TORONTO - The Canada Pension Plan Investment Board has made another foray into alternatives, making its first investments in real estate, with plans to invest up to 5%, approximately C$8 billion (US$5.27 billion) of its total portfolio in real estate and infrastructure projects over the next 10 years.
After making about C$4.4 billion in commitments to private equity investments during the past two years, the equity investment unit of the Canada Pension Plan has committed C$200 million to Osmington Inc. to build a co-owned real estate portfolio with value-added growth potential over normal real estate cycles. The first joint investment was the C$300 million purchase of five shopping centers from Cadillac Fairview Corp., which is owned by the Ontario Teachers Pension Plan, also in Toronto.
The board's second commitment was up to C$100 million to the Canadian Income and Growth Fund, managed by LaSalle Investment Management (Canada) Inc., which will be invested over 30 months, primarily in Canadian office, industrial, retail and apartment properties.
"We're taking a very disciplined approach," said Mark Weisdorf, vice president, private market investments for the CPPIB, which now has about C$14 billion in assets under management and expects to have C$160 billion in assets by 2012. "We expect over the next 10- to 20-year period real estate should get a return somewhere between fixed-income (investments) and equity (investments),"' he added. "We don't expect it to outperform equity."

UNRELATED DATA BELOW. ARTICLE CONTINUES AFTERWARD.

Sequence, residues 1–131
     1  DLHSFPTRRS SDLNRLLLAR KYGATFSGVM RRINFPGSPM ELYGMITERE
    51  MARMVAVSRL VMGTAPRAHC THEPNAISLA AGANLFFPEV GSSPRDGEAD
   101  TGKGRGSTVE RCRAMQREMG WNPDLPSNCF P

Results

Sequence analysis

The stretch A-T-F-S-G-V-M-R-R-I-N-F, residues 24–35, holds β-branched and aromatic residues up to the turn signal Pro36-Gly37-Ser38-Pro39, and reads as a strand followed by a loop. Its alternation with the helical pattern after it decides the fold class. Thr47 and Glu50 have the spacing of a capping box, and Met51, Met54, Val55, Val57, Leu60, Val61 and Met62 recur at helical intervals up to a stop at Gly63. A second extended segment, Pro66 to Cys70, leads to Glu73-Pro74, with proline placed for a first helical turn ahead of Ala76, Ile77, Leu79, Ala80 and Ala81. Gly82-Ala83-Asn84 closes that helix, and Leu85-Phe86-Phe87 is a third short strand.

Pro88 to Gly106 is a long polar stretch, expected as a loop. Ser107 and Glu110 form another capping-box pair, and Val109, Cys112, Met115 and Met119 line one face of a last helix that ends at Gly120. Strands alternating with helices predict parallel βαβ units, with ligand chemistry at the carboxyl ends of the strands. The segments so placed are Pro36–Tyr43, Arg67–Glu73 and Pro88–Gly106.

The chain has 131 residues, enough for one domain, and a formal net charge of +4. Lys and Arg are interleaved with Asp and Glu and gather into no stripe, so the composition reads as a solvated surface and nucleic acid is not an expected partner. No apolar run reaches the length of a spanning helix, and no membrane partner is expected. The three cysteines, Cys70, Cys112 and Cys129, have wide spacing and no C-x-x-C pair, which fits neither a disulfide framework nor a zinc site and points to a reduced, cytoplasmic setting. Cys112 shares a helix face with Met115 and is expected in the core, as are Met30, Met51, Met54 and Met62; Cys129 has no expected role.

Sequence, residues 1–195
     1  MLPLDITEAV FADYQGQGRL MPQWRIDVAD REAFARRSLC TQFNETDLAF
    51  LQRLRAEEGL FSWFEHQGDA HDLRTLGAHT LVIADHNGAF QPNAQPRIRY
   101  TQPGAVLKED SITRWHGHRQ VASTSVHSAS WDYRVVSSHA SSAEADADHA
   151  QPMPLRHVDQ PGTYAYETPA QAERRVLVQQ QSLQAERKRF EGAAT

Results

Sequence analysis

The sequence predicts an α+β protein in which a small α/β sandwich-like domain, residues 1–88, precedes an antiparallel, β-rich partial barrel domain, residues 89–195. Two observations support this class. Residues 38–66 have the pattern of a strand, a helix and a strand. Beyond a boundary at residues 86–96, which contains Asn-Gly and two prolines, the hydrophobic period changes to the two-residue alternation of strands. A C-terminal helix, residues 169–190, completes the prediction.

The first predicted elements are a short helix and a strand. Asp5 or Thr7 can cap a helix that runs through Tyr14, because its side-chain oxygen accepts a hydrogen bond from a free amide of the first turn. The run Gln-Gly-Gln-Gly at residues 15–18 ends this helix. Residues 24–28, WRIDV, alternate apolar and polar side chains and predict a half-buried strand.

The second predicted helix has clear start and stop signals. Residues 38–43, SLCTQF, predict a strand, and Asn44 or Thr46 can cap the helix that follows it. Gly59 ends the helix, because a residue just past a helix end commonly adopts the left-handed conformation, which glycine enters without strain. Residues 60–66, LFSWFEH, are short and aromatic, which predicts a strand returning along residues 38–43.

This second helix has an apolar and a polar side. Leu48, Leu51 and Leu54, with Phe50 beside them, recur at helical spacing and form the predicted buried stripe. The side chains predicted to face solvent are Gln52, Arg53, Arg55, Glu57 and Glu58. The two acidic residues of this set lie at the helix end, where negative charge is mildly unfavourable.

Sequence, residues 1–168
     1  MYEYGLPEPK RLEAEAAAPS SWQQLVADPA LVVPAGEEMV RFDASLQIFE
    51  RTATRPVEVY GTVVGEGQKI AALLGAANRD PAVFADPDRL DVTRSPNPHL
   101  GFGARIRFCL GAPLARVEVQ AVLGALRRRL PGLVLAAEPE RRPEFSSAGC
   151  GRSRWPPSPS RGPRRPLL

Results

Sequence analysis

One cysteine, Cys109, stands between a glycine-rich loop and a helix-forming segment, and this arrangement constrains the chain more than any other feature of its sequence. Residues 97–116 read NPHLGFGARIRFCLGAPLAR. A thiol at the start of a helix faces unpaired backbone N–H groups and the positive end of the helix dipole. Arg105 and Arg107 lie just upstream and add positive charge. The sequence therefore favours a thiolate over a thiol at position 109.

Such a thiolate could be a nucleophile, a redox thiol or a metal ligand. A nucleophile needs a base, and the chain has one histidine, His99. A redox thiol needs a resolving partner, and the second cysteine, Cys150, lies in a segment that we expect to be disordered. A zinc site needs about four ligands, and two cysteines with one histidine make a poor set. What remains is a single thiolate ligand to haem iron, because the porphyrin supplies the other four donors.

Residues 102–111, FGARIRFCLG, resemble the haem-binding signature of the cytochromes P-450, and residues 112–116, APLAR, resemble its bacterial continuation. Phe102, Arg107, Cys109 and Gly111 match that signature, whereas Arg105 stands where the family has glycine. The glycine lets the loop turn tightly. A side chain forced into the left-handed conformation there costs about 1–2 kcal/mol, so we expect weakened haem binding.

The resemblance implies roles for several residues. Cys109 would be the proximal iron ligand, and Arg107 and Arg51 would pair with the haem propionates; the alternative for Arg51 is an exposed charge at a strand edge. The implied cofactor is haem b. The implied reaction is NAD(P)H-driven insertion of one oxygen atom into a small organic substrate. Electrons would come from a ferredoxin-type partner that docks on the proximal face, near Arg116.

The current investments are "value-added strategies," said Mr. Weisdorf. "They have a shorter-term time horizon over the next three to five to seven years. Managers can buy assets and fix them up and sell them at a profit."
One Toronto-based consultant, who asked not to be identified, said the CPPIB might have "missed the boat" on real estate and won't find many good deals in which to participate.
"If we were trying to get into it over the next two to three years, we might well be late," Mr. Weisdorf acknowledged. "But we have an allocation of 5% (of the fund) over the next 10 years. If we don't find the right assets, we will invest in other asset classes."
Mr. Weisdorf noted that the weak economies now in North America and Europe have made the real estate market softer, with vacancies higher over the past year.
"If prices decline we can get to prices (for investments) from which we'll get a good return," he added. "We're not in a rush (to invest); we'll remain disciplined."
He said part of the CPPIB real estate strategy will be investing in large assets such as office towers and major shopping malls that it will hold for the long term and use as income-generating investments.
"It really depends on whether the right assets become available," said Mr. Weisdorf. "I expect over a 10-year period there will be some opportunities."
Toll roads, etc.
He also pointed out that part of the real estate strategy includes making infrastructure investments in projects such as toll roads, pipelines and energy assets.
"These are assets that should give us the same risk-adjusted rates of return as real estate," said Mr. Weisdorf.
The fund will focus first on investments in Canada and then go into the United States and Western Europe. Mr. Weisdorf thinks the long-term strategy of buying assets for their income-producing ability "will take more time."